A bear that mauled and killed a Calgary hunter last week will not be destroyed.
Officials told CBC News the hunter, Rick Cross, accidentally got between a mother and her cub, and that attack was a defensive one.
“All the evidence shows that was the case, that the bear was just acting on instinct … We determined that this incident was defensive rather than predatory,” Jill Sawyer, Alberta Parks spokeswoman, told the Calgary Sun, adding that officials will monitor the grizzly and her cub.
“We’re going to keep that area closed until further notice. It’s a fairly large area … We’ve put some cameras there (and) we’re hoping that when (the mother) comes back to the deer cache that we can see what she’s up to,” she said.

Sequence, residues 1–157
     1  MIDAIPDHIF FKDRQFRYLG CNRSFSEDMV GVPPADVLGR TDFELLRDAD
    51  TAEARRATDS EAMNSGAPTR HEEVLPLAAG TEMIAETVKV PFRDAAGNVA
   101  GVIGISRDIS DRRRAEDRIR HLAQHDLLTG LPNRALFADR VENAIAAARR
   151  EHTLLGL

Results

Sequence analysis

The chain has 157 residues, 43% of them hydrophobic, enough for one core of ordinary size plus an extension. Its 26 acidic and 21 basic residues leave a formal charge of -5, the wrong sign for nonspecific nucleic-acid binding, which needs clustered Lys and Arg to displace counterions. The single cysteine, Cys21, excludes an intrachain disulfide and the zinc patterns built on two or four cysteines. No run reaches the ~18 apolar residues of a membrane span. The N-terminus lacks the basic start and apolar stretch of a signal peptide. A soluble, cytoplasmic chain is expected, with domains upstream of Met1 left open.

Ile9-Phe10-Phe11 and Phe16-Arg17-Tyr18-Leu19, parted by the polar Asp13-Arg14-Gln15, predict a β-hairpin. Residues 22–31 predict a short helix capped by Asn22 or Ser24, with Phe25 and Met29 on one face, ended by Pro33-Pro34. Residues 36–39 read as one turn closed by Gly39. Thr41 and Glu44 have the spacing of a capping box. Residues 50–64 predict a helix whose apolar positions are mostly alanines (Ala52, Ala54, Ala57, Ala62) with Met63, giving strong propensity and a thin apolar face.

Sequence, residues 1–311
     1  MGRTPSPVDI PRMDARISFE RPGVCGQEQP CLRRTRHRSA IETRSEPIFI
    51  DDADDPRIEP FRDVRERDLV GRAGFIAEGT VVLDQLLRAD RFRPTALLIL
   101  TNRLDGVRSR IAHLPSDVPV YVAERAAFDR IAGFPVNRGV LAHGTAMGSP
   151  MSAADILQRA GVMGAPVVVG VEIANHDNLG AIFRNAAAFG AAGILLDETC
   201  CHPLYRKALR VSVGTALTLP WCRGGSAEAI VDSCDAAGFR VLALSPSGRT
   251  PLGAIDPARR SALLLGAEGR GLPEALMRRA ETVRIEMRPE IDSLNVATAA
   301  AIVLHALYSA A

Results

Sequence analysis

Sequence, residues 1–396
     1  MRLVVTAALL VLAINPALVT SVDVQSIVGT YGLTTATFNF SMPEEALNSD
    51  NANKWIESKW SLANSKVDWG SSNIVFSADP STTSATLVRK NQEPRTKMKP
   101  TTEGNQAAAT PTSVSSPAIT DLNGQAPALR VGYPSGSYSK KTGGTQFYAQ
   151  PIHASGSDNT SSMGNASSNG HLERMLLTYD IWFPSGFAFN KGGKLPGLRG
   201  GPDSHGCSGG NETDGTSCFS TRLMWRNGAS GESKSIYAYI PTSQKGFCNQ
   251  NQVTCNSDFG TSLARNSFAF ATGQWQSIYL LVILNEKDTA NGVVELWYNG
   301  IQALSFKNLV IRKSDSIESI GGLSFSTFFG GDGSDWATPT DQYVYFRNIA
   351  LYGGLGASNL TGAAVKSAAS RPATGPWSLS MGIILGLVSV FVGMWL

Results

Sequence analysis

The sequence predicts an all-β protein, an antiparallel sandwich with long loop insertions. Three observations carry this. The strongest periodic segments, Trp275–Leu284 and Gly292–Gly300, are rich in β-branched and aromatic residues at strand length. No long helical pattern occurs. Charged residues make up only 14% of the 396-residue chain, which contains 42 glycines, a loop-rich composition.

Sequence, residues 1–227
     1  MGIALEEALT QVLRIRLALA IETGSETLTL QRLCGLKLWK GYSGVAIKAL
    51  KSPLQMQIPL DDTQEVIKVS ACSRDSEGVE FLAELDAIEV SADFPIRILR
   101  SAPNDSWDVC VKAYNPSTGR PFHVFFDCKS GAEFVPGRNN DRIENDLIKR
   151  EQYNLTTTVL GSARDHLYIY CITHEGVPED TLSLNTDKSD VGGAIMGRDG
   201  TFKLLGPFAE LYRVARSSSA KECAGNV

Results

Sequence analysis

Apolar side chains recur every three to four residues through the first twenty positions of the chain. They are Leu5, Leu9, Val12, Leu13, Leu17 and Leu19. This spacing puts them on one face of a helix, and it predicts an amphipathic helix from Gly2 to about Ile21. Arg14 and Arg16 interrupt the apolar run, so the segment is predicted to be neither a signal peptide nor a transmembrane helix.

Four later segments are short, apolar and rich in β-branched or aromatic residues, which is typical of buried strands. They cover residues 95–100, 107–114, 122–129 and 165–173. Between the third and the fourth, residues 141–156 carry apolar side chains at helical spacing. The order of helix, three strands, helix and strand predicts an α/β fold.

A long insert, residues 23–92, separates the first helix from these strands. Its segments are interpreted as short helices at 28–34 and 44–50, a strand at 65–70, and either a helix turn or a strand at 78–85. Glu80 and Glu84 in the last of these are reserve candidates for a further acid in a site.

Kim Titchener with wildlife conservation group WildSmart said bears are trying to fatten up for winter, and that means eating as much as possible.
"If a defensive bear charges you spray it with bear spray," she told CBC News. "If you don't have bear spray drop to the ground and play dead, cover you head, stay on your stomach [and] do not make noise. If the bear rolls you over, roll back on your stomach."
Cross was reported missing by his family after not returning from his hunting trip to PickleJar Lakes.
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